Monday, July 18, 2011

A view from anywhere but the pack.

As the 'blogosphere' is currently buzzing with British National Champs posts I thought I would see if I could provide an alternative to the more race focused blogs out there and give an insight into my current mindset regarding racing.  Although this will be the second blog post today, there is really quite a gap between writing sessions.

I will start by saying that this is not about racing, this is about a weekend of doing a few of the things I love.  If I go off track and talk heavily about racing I will have to ask for forgiveness, but bear with it, all being well it will return to something a little lighter.  As such I won't give my usual course description, for this see the countless other reports flying around such as that found on British Cycling's website.  I also have no photos, so once again BC or Joolze is the go to.  I don't have lap times, I have a vague idea of how I rode and I know where I finished (for those concerned and so as not to maintain suspense for an underwhelming result, my number is 9th).  More over, I am not going to post excuses, my result was what it was and if you want to know background then it can be found in earlier posts.

My weekend started on Friday evening; I finished 'The Girl With The Dragon Tattoo' (Stieg Larsson, translated from Swedish to English by Reg Keeland, interestingly changing the title from 'Men Who Hate Women') which was brilliant, although I was disappointed to have forgotten who gave it to me and that they had not written in it.  I have made a recent decision to try and write in all of the books I read, although 1984 now has a bit of a spoiler in the front of it thanks to this, which I'm sure Ric did not appreciate when he read my copy. 

I then finally got around to starting David Millar's autobiography; 'Racing Through The Dark: The Fall and Rise of David Millar'.  I had been keen to read this ever since I first read about his writing of it, and contemplated getting it on it's release in New Zealand but postage would have been extorsionate, so I waited patiently and knew that I had to finish 'The Girl...'  So on Friday evening I hungrily started this book but I was soon asleep after 40 or so pages.  This had been enough to wet my appetite though and the rest of the weekend was spent reading as much as I could.  I was thinking of providing a book review, but I'm no reviewer; suffice to say it is a key read for cyclists and those who doubt David.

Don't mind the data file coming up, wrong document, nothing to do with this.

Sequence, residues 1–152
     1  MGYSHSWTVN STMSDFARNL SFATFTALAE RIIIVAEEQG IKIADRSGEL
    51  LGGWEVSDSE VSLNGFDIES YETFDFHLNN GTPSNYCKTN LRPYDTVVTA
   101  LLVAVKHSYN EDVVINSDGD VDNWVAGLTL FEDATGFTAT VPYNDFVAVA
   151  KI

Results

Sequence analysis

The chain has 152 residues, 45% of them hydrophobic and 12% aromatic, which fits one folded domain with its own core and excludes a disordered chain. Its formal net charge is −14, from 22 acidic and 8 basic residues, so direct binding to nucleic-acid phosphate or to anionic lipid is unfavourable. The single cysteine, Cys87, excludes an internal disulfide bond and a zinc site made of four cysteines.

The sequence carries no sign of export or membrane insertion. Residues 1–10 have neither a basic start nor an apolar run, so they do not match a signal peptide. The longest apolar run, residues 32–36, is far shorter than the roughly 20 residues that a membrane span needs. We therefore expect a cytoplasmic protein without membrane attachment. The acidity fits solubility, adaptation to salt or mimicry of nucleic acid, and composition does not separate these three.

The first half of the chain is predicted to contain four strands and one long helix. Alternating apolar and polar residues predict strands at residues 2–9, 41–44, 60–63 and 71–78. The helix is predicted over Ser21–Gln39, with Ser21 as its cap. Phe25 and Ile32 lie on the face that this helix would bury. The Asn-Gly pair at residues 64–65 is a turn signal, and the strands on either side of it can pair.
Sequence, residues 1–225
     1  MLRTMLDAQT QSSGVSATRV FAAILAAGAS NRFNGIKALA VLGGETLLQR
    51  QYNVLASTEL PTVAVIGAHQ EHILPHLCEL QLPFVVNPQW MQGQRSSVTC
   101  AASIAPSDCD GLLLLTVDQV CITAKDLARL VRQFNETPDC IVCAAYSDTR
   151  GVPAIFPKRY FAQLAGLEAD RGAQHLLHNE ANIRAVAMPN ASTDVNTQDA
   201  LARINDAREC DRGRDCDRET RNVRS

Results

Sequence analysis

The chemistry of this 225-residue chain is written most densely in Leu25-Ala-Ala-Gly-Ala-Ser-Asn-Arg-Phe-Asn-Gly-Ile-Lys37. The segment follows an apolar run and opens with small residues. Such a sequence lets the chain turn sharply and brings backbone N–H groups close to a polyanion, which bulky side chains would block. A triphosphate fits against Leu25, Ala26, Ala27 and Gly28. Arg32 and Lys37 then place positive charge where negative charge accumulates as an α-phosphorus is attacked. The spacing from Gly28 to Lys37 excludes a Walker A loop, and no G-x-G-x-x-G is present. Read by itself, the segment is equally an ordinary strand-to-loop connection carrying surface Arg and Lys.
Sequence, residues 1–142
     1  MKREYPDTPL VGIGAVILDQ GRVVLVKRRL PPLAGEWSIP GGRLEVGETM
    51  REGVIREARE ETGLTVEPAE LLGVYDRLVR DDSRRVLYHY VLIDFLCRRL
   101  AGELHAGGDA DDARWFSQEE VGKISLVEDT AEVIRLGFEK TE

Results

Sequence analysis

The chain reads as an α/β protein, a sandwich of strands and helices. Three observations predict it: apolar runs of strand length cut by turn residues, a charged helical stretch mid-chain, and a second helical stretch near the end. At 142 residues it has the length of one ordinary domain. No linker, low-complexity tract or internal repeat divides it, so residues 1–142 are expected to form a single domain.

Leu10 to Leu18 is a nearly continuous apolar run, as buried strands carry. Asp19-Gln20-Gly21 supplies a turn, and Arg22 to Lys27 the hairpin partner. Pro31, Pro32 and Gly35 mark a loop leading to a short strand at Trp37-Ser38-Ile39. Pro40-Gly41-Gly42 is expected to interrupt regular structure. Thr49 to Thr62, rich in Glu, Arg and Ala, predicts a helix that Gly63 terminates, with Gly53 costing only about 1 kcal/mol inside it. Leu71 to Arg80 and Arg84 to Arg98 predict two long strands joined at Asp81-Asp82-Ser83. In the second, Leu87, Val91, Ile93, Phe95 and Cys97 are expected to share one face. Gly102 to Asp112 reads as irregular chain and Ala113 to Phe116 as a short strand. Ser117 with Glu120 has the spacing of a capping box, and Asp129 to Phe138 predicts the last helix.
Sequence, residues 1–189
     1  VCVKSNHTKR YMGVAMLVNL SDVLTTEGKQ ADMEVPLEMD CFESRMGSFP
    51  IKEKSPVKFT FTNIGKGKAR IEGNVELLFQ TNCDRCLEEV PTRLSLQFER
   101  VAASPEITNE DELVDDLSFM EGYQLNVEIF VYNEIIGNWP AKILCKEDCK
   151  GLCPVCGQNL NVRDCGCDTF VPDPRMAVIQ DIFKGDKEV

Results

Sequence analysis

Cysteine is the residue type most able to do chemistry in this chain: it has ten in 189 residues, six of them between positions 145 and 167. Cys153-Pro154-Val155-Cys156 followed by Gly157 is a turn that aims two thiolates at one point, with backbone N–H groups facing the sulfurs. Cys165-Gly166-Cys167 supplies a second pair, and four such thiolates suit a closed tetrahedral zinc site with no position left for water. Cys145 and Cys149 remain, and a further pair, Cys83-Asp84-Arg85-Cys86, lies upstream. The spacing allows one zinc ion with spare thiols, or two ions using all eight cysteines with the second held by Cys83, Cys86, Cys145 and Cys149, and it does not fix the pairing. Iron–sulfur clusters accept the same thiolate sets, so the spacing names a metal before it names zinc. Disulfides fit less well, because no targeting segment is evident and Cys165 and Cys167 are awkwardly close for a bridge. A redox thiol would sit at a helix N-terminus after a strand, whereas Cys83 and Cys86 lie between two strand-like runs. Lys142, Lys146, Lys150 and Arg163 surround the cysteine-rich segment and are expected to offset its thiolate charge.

Saturday started ominously enough with rain bucketing down delaying Dad and my packing of the car, but soon enough we were away, chatting occasionally but mostly with him driving and me reading.  On arriving at the venue I signed on as usual, relaxed with Steve, caught up with others then set about getting out for a pre-ride.  I took the go-pro camera with me and got a good few (of my own) crashes on camera.  It would appear that I had forgotten how to ride flat rooty singletrack in my time away.  Thankfully half way through the actual race it came flooding back to me.

The evening was spent putting up out tent, and although I was quite out of practice it went up smoothly enough, after which we found our way to a pretty village pub with Ben, Tim, Chris and Peter for some late dinner followed by lashings of custard (it wouldn't be a racing weekend without custard).  The night and morning settled into their usual routine with Dad looking after me more than I deserve allowing me to relax and think about the race.  I have to admit to not thinking about the race one jot, which was lovely.

The race went as well as could be hoped, with me riding lazily around in the top ten knowing there was a big gap between the guy I was riding with (Jack) and the rider in front of us and knowing that I would be unlikely to bridge it.  That is until Jon Pybus (recovering from a first lap mechanical) came storming past.  I couldn't resist jumping on then giving him a lead out.  People will have their own views on my lack of competitive spirit in such a big race, but I gave Jon what I felt he deserved and did try to out manoeuvre him knowing I was unlikely to be able to outsprint him.

No water in the showers left me muddy and smelly for the journey home, but all in it was a great weekend, not dulled by the grey skies and rain.  It was great to be camping with my Dad again and something that I had looked forward to for ages.  As far as my mindset with regards to racing goes, the race was successful because I had fun.  That is all.

Now I may try and get some semblance of fitness back for the end of the season. 

No promises though.

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